Where does your franchise stand heading into 2022? Adam Rank sets the table by providing a State of the Franchise look at all 32 teams, zeroing in on the key figures to watch and setting the stakes for the season to come.
Members of the Texans' organization, Texans fans around the world and those who are happy they at least have the Houston Astros to root for:
The Houston Texans have had back-to-back four-win seasons. But they have brought in a veteran leader to put the team back on track. Can he do it? Let's take a look.
One high from last season: Sweeping the division rival Jacksonville Jaguars. The first win against the Jags, in Week 1, even made you think the Texans could maybe be onto something. I also want to note here what I felt was the team's best win of 2021: a 41-29 victory over the Chargers in Week 16, which eventually helped cost Los Angeles a playoff berth.
One low from last season: The Deshaun Watson situation. Because the focus here is primarily Houston's 2022 on-field prospects, we're not going to spend a ton of time on this, but to recap: Watson, the one-time franchise quarterback, requested a trade early in 2021, then was accused via civil litigation of sexual assault and misconduct during massage therapy sessions (he has since settled with 20 of the 24 women who sued him). He sat out all of 2021, then was traded to the Browns this March. In late June, the Texans were sued by one of the women accusing Watson for allegedly enabling Watson's behavior. (UPDATE: The Texans have reached confidential settlements with the 30 women who have made or intended to make claims against the organization for allegedly enabling Watson's behavior during massage therapy sessions, the plaintiffs' attorney announced Friday.)
Head coach: Lovie Smith. The NFL is a better place with Smith patrolling a sideline. He should have never been fired from Chicago, especially after going 10-6 in his final season in 2012. Since then, the Bears have made their fourth coaching hire, Matt Eberflus, a defensive guru who has drawn comparisons to -- wait for it -- Lovie Smith. I know Smith's two seasons in Tampa Bay (8-24 in 2014 and '15) weren't great. But he was in a bad spot there. In Year 1, he was given the QB combo of Josh McCown and Mike Glennon, and in Year 2, he had a front row seat for Jameis Winston's up-and-down rookie season. Smith was ultimately replaced in Tampa by his own offensive coordinator, Dirk Koetter.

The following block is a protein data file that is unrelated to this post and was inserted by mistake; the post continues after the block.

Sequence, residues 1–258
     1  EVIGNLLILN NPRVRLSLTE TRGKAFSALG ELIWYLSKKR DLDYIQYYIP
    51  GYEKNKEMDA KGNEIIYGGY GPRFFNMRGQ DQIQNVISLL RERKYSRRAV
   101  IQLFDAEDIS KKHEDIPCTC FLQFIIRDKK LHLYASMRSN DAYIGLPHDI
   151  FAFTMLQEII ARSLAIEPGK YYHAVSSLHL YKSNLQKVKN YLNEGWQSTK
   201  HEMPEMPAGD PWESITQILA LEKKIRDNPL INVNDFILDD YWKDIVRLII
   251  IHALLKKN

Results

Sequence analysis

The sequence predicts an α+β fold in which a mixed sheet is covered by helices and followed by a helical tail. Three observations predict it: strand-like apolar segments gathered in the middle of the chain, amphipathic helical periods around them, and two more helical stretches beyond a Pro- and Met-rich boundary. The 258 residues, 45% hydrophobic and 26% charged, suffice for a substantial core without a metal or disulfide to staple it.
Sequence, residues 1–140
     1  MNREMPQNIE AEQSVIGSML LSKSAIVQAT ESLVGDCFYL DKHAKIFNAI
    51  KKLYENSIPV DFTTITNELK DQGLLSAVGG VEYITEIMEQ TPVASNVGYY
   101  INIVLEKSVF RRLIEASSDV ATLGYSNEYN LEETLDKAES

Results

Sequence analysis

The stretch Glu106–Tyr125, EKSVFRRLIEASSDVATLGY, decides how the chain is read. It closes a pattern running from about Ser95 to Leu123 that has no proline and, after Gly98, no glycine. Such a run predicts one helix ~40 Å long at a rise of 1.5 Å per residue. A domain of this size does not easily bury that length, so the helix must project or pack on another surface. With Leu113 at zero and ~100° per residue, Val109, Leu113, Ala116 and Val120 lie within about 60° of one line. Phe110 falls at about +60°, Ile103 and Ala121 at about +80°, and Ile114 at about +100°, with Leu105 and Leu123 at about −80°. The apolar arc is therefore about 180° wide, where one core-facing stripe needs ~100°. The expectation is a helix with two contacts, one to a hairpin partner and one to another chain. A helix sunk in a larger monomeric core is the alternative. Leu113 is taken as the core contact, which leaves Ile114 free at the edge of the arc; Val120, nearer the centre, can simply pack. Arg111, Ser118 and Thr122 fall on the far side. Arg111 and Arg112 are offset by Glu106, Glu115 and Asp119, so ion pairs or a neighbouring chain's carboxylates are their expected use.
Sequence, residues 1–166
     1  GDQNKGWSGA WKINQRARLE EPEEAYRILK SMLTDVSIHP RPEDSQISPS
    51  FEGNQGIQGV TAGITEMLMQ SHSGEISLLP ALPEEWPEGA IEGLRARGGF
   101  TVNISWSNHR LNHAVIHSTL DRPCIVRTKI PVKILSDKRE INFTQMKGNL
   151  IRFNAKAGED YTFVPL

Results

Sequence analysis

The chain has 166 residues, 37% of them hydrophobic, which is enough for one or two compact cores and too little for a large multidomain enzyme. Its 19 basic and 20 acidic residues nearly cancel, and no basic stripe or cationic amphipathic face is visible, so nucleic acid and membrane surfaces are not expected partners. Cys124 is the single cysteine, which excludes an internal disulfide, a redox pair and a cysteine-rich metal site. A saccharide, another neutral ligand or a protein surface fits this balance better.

You could say Lovie is in a similarly thorny situation in Houston, where he's been asked -- like David Culley, who was fired after one year, before him -- to lead an unproven roster during a tricky franchise transition. And there's the awkward fact that the Texans interviewed McCown twice this year (after also looking at the former QB last year) for the job they eventually gave to Smith, who was Culley's defensive coordinator in 2021. Regardless, I'm a huge believer in Lovie and look forward to him adding some stability to this organization.
Quarterback: Davis Mills. I was a fan of Mills' while he was at Stanford, and he ended up having a pretty solid debut season after the Texans selected him in the third round of the 2021 NFL Draft. In fact, he led all rookies in passing yards per game as a starter and in completion percentage. Among first-year pros, only the Patriots' Mac Jones -- a first-rounder -- registered more passing touchdowns, a higher passer rating and a better TD-to-INT ratio than Mills. Otherwise, Mills was a standout compared with the seven quarterbacks (five of whom were first-rounders) selected ahead of him last year.